Words to Live By:
“I rejoiced greatly that I found of thy children walking in truth, as we have received a commandment from the Father.” (2 John 4, KJV)
What a joy, what a great blessing it is to see our children walking in the faith, growing in the grace and knowledge of the Lord Jesus Christ. We have a commandment to walk in the truth of the Gospel. Let us so live, and serve as an example to our children, trusting the Lord for their salvation.
It was on this day, January 5, 1990, that the Rev. Dr. Robert Gibson Rayburn died. Dr. Rayburn had most notably served as the first president of the Covenant Theological Seminary, from its inception until 1977. Previously he had served as president of Highland College, Pasadena, California, as an Army chaplain, and as pastor of churches in Nebraska, Texas, Illinois and Missouri.
The following message is excerpted from Koinonia: The Organ of the Presbyterian Theological Seminary, Roorkee, U-P, India, vol. 4, no. 2 (April 1978), pages 1-3.
The Place of Preaching
by Dr. Robert G. Rayburn
Dr. Martin Lloyd Jones in his recent book called Preachers and Preaching states in the opening paragraph his conviction that “the most urgent need in the Christian Church today is true preaching; and as it is the greatest and most urgent need in the church it is obviously the greatest need in the world also.” He then goes on to say that the primary task of the Church, and of every Christian minister is the preaching of the Word of God.
I would like to go a step beyond Dr.Lloyd-Jones’ statement and say that not only for the Christian minister, but also for every individual Christian the preaching (proclamation) of the Word of God itself is, next to his worship, his primary task.
We live in a day when evangelicals are placing more and more stress on the social implications of the gospel. One cannot read the Scriptures without agreeing that those implications are there. But such implications do not give us the direction for our primary emphasis.
Our Lord Himself has given us the great example and pattern for our lives. He was deeply concerned with the physical and material need of men. He performed many miracles of healing. He never ignored the physical needs of those who came to Him for help. But He did not come to heal the sick, to open the eyes of the blind, or to give soundness to the limbs of crippled men. He came to save the lost. His own words were: “The Son of Man is come to seek and to save that which was lost” (Luke 19 : 10). That which He considered primary is clearly evident when the four men brought their sick friend to Jesus and let him down through the roof of the house. The Lord was preaching there; He was undoubtedly preaching about saving faith in Him. When He saw the faith of the four men His first words to the paralytic were, “Son, your sins are forgiven.” This was the matter of first importance. Then, however, when questioned by the scribes about His power to forgive, He said, “That ye may know that the Son of Man has authority on earth to forgive sins…” He said to the paralytic, “I tell you, get up, take your mat, and go home,” and the man was healed. Salvation was first; healing second.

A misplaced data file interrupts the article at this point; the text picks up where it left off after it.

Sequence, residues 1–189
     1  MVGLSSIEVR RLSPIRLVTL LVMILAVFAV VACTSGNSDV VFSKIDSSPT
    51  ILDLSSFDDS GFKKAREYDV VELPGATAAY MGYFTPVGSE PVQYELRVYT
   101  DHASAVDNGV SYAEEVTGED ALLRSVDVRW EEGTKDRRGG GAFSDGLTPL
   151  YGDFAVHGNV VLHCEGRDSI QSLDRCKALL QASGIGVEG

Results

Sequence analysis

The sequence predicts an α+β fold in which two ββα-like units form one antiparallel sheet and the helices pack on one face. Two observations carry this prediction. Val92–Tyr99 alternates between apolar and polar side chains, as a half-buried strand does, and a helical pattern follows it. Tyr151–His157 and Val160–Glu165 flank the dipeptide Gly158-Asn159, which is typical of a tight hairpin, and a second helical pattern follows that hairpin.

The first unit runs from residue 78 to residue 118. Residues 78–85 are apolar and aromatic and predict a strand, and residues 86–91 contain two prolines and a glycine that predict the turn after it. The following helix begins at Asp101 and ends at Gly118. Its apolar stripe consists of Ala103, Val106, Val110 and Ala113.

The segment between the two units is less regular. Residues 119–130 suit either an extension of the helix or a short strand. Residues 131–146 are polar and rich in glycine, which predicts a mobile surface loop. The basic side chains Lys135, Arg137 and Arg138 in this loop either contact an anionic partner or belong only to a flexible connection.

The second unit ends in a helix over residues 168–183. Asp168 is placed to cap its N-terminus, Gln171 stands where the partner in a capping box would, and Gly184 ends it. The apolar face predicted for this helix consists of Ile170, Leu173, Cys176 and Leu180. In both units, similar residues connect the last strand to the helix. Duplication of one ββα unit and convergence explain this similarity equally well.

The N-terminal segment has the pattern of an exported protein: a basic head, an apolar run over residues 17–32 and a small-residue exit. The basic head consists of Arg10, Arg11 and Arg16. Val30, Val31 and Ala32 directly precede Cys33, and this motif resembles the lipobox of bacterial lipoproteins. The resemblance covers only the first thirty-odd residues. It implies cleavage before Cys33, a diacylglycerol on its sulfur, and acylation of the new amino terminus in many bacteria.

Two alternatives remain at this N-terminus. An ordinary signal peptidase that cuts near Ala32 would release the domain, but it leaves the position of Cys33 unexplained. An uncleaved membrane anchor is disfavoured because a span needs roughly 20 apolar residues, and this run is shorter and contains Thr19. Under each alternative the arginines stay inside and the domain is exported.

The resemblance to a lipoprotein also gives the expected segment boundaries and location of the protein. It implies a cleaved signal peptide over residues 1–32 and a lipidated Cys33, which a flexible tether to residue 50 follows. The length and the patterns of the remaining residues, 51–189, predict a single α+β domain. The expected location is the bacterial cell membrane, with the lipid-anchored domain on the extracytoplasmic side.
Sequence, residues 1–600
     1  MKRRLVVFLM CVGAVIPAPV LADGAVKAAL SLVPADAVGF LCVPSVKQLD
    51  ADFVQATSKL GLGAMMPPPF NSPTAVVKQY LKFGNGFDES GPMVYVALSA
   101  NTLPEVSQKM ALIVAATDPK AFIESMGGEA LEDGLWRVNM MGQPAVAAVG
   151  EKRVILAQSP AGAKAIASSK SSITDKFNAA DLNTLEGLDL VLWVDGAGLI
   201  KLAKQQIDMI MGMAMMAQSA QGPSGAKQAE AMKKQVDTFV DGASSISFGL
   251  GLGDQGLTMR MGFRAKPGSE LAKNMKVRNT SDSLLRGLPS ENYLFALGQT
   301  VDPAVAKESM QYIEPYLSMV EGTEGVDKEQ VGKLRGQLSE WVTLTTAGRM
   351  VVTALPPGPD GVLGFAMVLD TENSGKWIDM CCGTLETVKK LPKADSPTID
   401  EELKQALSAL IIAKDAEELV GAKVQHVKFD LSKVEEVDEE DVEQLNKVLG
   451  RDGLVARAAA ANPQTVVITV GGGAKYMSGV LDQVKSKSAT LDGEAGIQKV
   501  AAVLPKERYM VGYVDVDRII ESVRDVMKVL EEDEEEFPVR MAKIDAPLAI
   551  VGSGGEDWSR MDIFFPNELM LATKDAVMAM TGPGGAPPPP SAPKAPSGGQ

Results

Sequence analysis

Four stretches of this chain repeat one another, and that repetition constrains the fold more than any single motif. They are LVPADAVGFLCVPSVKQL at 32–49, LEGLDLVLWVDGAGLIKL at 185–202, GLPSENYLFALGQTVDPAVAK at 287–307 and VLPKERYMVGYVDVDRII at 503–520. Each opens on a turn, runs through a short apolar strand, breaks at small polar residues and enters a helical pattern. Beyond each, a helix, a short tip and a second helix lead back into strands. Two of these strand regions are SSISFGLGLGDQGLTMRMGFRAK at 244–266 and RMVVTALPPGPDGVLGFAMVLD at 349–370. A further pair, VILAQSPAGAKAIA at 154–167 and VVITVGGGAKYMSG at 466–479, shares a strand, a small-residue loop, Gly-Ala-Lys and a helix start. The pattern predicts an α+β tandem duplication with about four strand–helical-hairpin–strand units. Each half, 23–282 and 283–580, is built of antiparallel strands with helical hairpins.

Not only, however, do we learn of the primacy of preaching from our Lord. It is evident in ths lives of the Apostles, and also in the practice of the early Church. As soon as the Apostles were filled with the Holy Spirit on the Day of Pentecost they began not to heal the sick nor to aid the poor, but to preach the gospel of salvation. Peter’s great sermon on that occasion is preserved for us in part. It must be pointed out that as soon as people began coming to Christ and being converted by the thousands, the authorities did everything they could to stop these men from preaching. There was not a word of complaint about the miracles of healing they had performed. Thev were forbidden to preach! “Speak no more henceforth in His name” (Acts 4:18 and 5:40)
In Acts 8 we read that there was a great persecution. This came, of course, because of their preaching! Then they were all scattered, except the Apostles, and “they that were scattered abroad went everywhere preaching the Word”. This was not the Apostles; it was the company of believers. They were not preaching in a formal way from a pulpit as our pastors do today. Theirs was the kind of preaching which every earnest Christian is responsible to carry on.
We speak a great deal about witnessing today. We usually mean giving our own personal testimony concerning the Lord’s work in our hearts. This is important, but something more than this is before us in Acts 8. The believers were telling the good news of salvation through Christ. Every one of us must be equipped to convey clearly and forcefully the message from God which we call the gospel.